However, as Clark and other industry watchers argue, the food industry should take some responsibility for the way they promote their products.
Speaking at the WFNF event, Dr Roberta Re, nutrition research manager, Leatherhead Food Research, said: "Food may be a core within the obesity problem. The industry plays a role and can manipulate very well our choices," she said.
Her comments were supported by alarming statistics presented by Kantar Worldpanel that showed, while the volume of food being taken home in the last seven years had increased by 5%, the calories being taken home were up by 11%, sugar by 10% and saturates by 12%.
Of those, 37% of saturated fats and 32% of sugars had been sold in products involved in some form of a promotion.
Clark says, with the "millions the F&B industry has to spend on marketing" the Government was stuck in an "unfair fight" with a minimal budget to spend on tackling obesity.
"Even when supermarkets carryout health promotions such as the Change for Life campaign, they're usually far outweighed by the promotions on junk," he adds.
While some supermarkets have, for instance, removed confectionery from checkouts (as most recently exampled by Lidl), there is "far more to be done", says Clark.
The need for immediate action was put forward at the WFNF event by Dr Andrew Coward of the Birmingham South Central Clinical Commissioning Group. "We believe children of this generation will have shorter lifespans than their parents," he said.
His comments were supported by Dr Jude Oben, consultant gastroentologist and hepatologist at Guy's and St Thomas' NHS Foundation Trust, who said obesity was one of the key causes of liver disease. Dr Oben said he treated a 16-year-olds who is likely to have cirrhosis as a result of liver disease caused by obesity by the time they are 30.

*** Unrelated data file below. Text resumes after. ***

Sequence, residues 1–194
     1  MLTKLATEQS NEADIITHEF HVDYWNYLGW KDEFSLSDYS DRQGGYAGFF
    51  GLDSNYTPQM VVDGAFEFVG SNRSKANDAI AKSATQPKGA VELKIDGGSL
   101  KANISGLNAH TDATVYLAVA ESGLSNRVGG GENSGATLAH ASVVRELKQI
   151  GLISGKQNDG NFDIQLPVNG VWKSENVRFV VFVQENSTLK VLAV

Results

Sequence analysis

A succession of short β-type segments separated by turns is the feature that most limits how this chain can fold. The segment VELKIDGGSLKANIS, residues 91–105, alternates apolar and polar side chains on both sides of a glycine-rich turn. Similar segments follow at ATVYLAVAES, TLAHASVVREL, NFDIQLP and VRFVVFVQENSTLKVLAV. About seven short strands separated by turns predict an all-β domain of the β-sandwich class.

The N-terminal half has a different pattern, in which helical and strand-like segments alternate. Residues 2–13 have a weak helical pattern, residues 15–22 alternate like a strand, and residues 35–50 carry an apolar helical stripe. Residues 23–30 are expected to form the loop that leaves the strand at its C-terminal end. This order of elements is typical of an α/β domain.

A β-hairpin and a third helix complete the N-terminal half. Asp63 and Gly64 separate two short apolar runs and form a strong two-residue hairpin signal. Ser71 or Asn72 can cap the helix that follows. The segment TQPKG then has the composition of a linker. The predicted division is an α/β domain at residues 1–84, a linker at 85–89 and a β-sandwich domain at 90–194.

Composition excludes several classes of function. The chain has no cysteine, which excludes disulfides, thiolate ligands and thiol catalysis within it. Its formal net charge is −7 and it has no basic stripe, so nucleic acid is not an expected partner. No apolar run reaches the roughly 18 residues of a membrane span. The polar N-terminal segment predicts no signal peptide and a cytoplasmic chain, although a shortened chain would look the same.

"As liver specialists, we won't be able to cope with the onslaught of the disease," Dr Oben said.
But at what point does the consumer himself start taking responsibility for what he's eating?
Dr Oben demonstrated a case study of a liver transplant patient who he treated for cirhossis in 2009. In 2013 the patient returned again with the same problem. Each liver transplant costs the UK GBP85,000.
Is the problem truly a lack of information? Or is it easy availability of well-marketed bad food?
"Yes people need to make better choices," Clark acknowledges. "But they also need less of the nudging in the wrong direction."
Clark has carried out a recent survey on Asda's products sold for under GBP1. He found over 200 products part of the promotion. More than 150 were food items - but only one of those was a fruit or vegetable. Asda had not returned a request for comment at the time of writing.
"It's not just the supermarkets," Clark says. "It's your [manufacturers'] responsibility to your customers also. The Government may not have the scope or the money to deal with it."
There have been a number of suggestions to impose levies on food manufacturers which financially penalises them for excessive amounts of calories. In Mexico, the country's government has looked to impose a tax on products with at least 275 kilocalories per 100 grams in a bid to cut obesity rates.
Without such measures, the UK government is, Clark argues, "fighting with one hand behind its back".
However, Jones is not so sure taxing companies would be the right way forward.
"Additional taxation will hit poorer families hardest; it will also be an inappropriate public policy in tackling obesity - there just isn't the eveidence to show it works," he says. "And on the economic side of it - F&B is one of the largest manufacturing sectors which can deliver sustainable growth - the additional tax would jeoperdise this. If you look at the Danish example [a tax on fat] where they had DK100 per kg, the Danish Agriculture and Food Council said it was going to cost 2,400 jobs. There are far better ways that you can encourage consumers to eat better. Things to do with labelling, portion size reformulation and education.
For Jones and the FDF, there is not one party responsible for obesity and there was not one party that could resolve it. His thoughts were echoed by Cienciala at the DoH. "There is no silver bullet to the obesity problem; we all have a part to play."